It was the traditional historic prosperity of India that attracted invaders from various parts of the world in the last 2000 years. Prior to the British, India had been ruled by the foreigners like the Kushanas, Turko-Afghans and Mughals. All of them gradually got assimilated into the Indian society and culture. They not only became absorbed in India but also protected and promoted Indian society, culture and economy. None of them systematically drained India’s wealth or resources to make another country prosperous. Revenue collected or wealth acquired by them was spent within India. Whether spent on the public or for personal luxury of the ruling elite, the wealth remained within the country. Thus, India remained prosperous even in the Mughal era until the East India Company started acquiring “diwani” (right to collect revenue) around 1760. It was the beginning of the legal “loot.” The colonial rule was all about robbing India to enrich Britain; other unfortunate colonized States were also bled to make Britain prosperous.

The Battle of Plasssey in June 1757 marked the beginning of British dominance (and also the beginning of end of the Mughal Empire): when a small force of the East India Company’s professional troops, defeated and killed the ruling Nawab of Bengal, Siraju-ud-daula. The outcome of the battle marked a significant turning point in the history of Indian subcontinent. It allowed the English East India Company foothold on the Indian soil, from which to undertake its future expansionist ventures within and around India. Soon, after the Battle of Buxar it acquired the “diwani” in Bengal and in 1765 its rights expanded to Bihar and Orissa.

Unlike their predecessors the British, however, consciously remained in India as foreign occupiers until their departure in 1947. They remained isolated from the Indian society and culture and formed a separate class of their own within India. The only reason for their presence in India (and in other occupied regions) was to secure raw materials for British industries and other goods for the comforts of their citizens. The vast population in India also provided market for goods manufactured back home. They subordinated Indian economy to the British trade and industry. Their economic policies actively favored non-Indians or made things difficult for Indian businessmen. As occupiers, they used Indian wealth to pay for all their expansionist ventures and territory building both inside and outside India.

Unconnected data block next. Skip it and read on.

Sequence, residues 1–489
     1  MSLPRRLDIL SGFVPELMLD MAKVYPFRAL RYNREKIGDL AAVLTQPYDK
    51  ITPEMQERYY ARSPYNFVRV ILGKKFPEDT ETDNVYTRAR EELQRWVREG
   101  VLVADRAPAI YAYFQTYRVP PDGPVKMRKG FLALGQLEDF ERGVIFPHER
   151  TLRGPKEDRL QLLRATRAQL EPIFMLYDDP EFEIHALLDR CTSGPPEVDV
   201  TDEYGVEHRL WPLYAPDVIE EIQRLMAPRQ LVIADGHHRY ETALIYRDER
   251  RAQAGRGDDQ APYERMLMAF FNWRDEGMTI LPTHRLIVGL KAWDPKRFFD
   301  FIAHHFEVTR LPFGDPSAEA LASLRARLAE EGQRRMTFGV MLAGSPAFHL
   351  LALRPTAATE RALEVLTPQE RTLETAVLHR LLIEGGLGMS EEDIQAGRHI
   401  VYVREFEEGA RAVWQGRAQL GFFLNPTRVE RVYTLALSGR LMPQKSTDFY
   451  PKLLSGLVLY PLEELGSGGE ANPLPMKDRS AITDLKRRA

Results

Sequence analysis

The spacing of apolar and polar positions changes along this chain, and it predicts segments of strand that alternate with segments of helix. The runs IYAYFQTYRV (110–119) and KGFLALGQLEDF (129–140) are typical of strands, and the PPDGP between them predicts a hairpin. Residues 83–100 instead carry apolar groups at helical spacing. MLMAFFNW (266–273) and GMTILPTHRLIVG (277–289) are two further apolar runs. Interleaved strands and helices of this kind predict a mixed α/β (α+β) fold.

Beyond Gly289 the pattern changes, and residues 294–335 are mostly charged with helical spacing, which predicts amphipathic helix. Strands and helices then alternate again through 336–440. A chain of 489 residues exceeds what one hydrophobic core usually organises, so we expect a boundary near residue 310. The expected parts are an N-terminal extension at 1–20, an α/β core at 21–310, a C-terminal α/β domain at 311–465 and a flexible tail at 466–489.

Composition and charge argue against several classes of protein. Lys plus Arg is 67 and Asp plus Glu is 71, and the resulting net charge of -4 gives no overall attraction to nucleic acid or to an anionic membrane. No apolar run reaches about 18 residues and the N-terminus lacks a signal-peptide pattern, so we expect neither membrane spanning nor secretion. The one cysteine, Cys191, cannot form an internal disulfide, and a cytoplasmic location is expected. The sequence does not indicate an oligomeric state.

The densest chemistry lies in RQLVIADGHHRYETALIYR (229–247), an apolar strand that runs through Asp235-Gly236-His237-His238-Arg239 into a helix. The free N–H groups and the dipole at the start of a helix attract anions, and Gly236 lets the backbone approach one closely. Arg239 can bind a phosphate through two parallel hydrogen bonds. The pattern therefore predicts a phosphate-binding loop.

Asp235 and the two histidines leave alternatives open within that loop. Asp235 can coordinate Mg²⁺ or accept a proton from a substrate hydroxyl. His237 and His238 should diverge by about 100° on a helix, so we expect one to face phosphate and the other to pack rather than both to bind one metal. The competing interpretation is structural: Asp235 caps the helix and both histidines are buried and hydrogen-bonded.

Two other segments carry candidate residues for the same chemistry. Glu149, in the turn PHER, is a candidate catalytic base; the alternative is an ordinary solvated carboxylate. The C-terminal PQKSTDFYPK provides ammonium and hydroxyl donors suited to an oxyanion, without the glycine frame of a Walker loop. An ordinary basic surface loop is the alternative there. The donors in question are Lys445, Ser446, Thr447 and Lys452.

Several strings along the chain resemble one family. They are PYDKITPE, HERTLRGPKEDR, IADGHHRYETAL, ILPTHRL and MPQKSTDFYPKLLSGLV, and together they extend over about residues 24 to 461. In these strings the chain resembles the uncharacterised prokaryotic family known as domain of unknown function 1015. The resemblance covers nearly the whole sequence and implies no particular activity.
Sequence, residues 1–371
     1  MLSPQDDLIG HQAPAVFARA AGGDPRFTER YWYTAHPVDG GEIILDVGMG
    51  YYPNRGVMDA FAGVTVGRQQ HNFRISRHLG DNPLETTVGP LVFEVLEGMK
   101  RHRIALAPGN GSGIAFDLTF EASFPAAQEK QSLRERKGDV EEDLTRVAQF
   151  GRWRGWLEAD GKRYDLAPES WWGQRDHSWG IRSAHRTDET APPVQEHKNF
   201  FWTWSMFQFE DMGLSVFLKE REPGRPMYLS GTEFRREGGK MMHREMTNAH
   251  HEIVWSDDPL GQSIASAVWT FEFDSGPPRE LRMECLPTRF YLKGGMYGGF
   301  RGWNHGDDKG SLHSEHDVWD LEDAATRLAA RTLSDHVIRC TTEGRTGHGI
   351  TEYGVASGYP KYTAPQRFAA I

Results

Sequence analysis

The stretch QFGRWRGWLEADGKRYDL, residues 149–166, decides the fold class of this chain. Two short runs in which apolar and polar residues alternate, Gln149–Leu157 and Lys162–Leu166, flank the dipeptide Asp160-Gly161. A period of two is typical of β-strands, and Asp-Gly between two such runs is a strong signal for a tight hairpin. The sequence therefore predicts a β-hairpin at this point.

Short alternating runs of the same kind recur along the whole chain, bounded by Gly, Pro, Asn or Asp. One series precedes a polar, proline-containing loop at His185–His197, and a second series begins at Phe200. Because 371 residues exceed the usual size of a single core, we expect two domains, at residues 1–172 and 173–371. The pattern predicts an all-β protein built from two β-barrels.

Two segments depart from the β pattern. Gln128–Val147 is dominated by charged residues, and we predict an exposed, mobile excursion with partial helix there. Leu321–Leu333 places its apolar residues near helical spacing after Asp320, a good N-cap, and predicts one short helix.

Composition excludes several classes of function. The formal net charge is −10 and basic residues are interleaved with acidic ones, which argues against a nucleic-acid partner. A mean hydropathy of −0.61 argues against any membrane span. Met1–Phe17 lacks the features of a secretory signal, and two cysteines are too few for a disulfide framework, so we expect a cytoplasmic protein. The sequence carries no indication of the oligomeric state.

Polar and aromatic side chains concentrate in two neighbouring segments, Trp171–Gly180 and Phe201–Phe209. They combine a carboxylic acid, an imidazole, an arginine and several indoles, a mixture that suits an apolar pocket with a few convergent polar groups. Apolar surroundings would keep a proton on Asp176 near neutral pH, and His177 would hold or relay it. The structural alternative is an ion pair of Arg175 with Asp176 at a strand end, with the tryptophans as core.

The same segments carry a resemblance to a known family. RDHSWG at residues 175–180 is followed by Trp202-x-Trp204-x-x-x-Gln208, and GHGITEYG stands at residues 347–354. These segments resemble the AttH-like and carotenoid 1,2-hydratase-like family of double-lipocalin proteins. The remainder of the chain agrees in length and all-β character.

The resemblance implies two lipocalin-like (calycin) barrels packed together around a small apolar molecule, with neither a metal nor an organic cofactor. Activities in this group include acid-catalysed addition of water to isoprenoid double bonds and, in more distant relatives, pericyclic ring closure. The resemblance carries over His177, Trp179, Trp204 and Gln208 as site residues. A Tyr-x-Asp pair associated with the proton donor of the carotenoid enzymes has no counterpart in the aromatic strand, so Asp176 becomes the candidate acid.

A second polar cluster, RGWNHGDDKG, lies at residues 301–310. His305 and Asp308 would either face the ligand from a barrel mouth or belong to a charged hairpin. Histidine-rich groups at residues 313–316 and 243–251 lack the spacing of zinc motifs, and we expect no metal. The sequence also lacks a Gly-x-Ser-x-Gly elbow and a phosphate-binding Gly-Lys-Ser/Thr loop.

Moreover, the British policies forcibly disbanded community grain banks and promoted replacement of food crops for local consumption to cash crops like cotton, opium, tea and grains for export to feed the animals in England. This change in the cropping pattern left Indian farmers vulnerable to famines. There are documentary evidence to suggest the colonial rulers chose to ignore the famine affected people. It is estimated that during the two centuries of colonial rule, famines and the resulting epidemics caused over 30 million deaths. The most recent Bengal Famine of 1943-44 led to about 1.5 million deaths from starvation; 3.5 million if deaths from epidemics are also included.

In his masterpiece “Poverty and un-British Rule in India” Dadabhai Naoroji (popularly labelled as “The Grand Old Man of India” and “The Father of Indian Nationalism”) also categorically blamed “the drain of wealth” for the poverty in India.

Conclusion

As oppose to the Western capitalism India needs a comprehensive “development” plan in order to really crush widespread poverty. 1. It needs an economy that supports millions of small and medium enterprises; it will be suitable to employ low skilled poor people. 2. Focus on good governance to root out deep rooted corruption that eats away major chunk of the welfare budget. 3. Finally, promote women empowerment through education and healthcare; it will greatly help deal with poverty fed by the population growth.

List of Indian inventions and discoveries

This list of Indian inventions and discoveries details the inventions, scientific discoveries and contributions of ancient and modern India, including both the ancient and medieval nations in the subcontinent historically referred to as India and the modern Indian state. It draws from the whole cultural and technological history of India, during which architecture, astronomy, car, metallurgy, logic, mathematics, metrology and mineralogy were among the branches of study pursued by its scholars. During recent times science and technology in the Republic of India has also focused on automobile engineering, information technology, communications as well as research into space and polar technology.

For the purposes of this list, inventions are regarded as technological firsts developed in India, and as such does not include foreign technologies which India acquired through contact. It also does not include technologies or discoveries developed elsewhere and later invented separately in India, nor inventions by Indian emigres in other places. Changes in minor concepts of design or style and artistic innovations do not appear on the list.

Source: https://soapboxie.com/social-issues/Reasons-Why-India-is-So-Poor

https://www.google.com/search?q=what+are+the+indian+invention+in+technology&client=firefox-a&rls=org.mozilla:en-US:official&channel=fflb&source=lnms&tbm=isch&sa=X&ved=0ahUKEwiGz8uEg6fOAhXDNpQKHR6kDNkQ_AUICSgC&biw=1360&bih=631

Posted By: Cristina O. Libuna